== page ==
Turning away the homeless

ANOTHER VIEW
Today the House of Commons will be asked to give a second reading to the Government's Housing Bill, which will affect homeless families all over the country. Under the Bill, homeless families will no longer be given priority in the allocation of permanent homes.

In future, local councils may only be required to provide temporary accommodation for 12 months. More homeless families will be turned away by local councils and forced to take an insecure, expensive tenancy from a private landlord - the rent for which will come from the public purse.

Homelessness exacts a terrible cost in wasted money and damaged lives. Families are trapped in expensive and overcrowded bed and breakfast accommodation, when it would be far better - and cheaper - to build permanent homes.

The experience of homelessness reaches into every aspect of life. It is more difficult for homeless people to get a job. The stress of homelessness can lead to mental or physical ill- health. Many homeless people are not on the electoral register and do not even have a vote.

But one of the areas where homelessness takes its greatest toll is in the impact it has on children. More than 50,000 children are living in temporary accommodation because their families have become homeless. A report last year by researchers at the Institute of Education in London shows how their education suffers from this lack of stability.

Families living in temporary accommodation often face frequent moves - sometimes as many as two or three in the same year. Where a family is put in temporary accommodation some distance from its previous home, children face the choice of long journeys or changing to a new school, perhaps only for several months. Some will have trouble finding a new school place, so they end up spending time out of school altogether.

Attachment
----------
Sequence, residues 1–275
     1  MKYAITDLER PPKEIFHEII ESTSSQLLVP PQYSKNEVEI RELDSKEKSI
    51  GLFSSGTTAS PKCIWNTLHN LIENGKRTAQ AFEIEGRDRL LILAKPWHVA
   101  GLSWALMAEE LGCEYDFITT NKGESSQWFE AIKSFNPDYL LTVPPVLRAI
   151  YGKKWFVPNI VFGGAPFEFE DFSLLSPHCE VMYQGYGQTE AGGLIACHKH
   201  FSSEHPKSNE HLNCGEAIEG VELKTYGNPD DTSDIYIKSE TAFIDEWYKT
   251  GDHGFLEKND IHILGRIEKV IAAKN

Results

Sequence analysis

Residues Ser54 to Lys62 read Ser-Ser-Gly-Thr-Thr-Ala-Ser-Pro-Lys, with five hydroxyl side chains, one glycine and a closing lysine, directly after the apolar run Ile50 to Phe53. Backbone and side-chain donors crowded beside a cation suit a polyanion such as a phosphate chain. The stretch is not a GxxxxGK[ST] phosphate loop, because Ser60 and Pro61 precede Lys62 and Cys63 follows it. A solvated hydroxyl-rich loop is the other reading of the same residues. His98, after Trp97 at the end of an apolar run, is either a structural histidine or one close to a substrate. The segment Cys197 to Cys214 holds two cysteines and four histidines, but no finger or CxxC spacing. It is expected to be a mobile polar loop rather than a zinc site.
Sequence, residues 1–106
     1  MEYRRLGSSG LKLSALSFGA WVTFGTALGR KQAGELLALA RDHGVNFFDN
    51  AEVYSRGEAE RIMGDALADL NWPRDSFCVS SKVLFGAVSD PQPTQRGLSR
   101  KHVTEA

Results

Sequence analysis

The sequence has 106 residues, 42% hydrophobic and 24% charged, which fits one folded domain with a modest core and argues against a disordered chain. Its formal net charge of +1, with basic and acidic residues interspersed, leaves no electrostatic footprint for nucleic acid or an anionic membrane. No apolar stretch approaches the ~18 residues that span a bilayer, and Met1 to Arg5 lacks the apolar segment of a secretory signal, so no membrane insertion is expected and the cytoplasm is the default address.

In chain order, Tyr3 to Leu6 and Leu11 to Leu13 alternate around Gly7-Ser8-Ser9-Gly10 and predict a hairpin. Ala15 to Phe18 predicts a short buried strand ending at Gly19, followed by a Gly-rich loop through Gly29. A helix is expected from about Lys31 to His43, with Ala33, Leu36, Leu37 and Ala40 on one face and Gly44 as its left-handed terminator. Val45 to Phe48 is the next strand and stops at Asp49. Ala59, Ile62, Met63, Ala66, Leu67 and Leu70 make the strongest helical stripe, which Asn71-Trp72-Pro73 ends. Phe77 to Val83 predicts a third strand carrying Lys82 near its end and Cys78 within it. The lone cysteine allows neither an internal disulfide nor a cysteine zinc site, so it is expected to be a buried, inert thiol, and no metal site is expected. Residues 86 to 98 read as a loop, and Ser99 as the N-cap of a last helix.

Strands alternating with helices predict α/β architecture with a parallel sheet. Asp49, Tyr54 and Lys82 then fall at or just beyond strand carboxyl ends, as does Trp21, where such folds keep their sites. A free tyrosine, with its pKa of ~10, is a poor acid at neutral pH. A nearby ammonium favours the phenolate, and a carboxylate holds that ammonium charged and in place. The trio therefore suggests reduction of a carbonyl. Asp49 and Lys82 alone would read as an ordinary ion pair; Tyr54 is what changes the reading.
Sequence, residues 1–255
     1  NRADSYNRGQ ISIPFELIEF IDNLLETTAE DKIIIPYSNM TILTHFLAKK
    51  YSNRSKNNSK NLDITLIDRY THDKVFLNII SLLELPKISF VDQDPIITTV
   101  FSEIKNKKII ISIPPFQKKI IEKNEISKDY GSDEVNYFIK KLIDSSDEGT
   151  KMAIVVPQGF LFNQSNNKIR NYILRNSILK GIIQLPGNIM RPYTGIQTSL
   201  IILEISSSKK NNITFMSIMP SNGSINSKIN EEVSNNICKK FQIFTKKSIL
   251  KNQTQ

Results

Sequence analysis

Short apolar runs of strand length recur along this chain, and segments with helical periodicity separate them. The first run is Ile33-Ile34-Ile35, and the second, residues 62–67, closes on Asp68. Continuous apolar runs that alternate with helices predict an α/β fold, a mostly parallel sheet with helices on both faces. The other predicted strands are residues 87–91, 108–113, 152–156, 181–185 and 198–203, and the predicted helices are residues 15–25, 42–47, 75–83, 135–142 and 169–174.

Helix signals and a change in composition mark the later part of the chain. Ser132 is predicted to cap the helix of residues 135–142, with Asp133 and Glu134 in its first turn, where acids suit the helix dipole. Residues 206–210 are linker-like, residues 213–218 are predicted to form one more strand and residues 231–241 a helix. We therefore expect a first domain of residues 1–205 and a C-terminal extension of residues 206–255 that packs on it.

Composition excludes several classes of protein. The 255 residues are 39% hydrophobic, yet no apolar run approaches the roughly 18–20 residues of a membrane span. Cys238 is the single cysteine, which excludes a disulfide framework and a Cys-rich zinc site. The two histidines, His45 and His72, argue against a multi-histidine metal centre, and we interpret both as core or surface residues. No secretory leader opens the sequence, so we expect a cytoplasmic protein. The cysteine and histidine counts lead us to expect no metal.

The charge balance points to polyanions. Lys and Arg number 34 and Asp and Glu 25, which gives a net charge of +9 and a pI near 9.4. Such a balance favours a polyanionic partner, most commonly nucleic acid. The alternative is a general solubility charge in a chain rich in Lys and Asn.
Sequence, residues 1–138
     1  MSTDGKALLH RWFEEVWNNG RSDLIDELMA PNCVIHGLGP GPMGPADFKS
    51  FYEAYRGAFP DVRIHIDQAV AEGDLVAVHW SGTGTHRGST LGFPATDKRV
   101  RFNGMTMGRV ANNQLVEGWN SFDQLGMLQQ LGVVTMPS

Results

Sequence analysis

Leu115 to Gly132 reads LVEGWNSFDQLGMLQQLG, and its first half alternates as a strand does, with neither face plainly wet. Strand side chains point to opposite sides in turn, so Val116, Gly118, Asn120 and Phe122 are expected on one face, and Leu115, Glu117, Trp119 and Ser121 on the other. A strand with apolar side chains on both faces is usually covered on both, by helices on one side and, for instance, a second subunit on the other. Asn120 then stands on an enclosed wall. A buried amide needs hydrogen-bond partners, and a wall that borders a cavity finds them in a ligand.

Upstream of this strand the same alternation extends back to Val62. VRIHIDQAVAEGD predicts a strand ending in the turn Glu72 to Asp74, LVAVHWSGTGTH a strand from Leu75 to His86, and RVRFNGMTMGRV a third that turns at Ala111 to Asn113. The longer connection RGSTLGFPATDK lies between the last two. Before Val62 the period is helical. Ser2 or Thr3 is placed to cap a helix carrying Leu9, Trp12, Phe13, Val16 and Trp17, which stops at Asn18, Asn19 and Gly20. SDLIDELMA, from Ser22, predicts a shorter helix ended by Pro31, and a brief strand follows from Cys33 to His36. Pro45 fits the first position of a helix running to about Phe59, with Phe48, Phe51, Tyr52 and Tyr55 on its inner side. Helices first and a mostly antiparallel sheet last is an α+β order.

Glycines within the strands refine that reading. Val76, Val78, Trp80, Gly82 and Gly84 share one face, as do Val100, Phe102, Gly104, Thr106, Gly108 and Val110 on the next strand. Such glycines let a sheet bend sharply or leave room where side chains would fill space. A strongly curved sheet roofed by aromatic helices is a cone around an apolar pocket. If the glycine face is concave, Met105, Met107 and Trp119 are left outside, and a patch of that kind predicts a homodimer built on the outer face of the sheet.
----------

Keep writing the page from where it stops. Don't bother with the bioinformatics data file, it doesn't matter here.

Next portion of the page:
Conditions in temporary accommodation, especially bed and breakfast, make it difficult for children to work at home. As a result, they fall behind - and some never catch up .

Homeless pupils often require help in settling into school and may need more support from teachers. As a result, in schools with large numbers of children from homeless families the extra demands can adversely affect the progress of all pupils, not just those living in temporary accommodation.

The Bill's proposals will make all this worse. Homeless families will face the prospect of one temporary home after another. The cost to the Treasury of these temporary homes will be an extra pounds 118m in housing benefit in the first year alone.

All those who care about stable family life and the sensible use of public resources must reject these proposals.

The writer is director of Shelter

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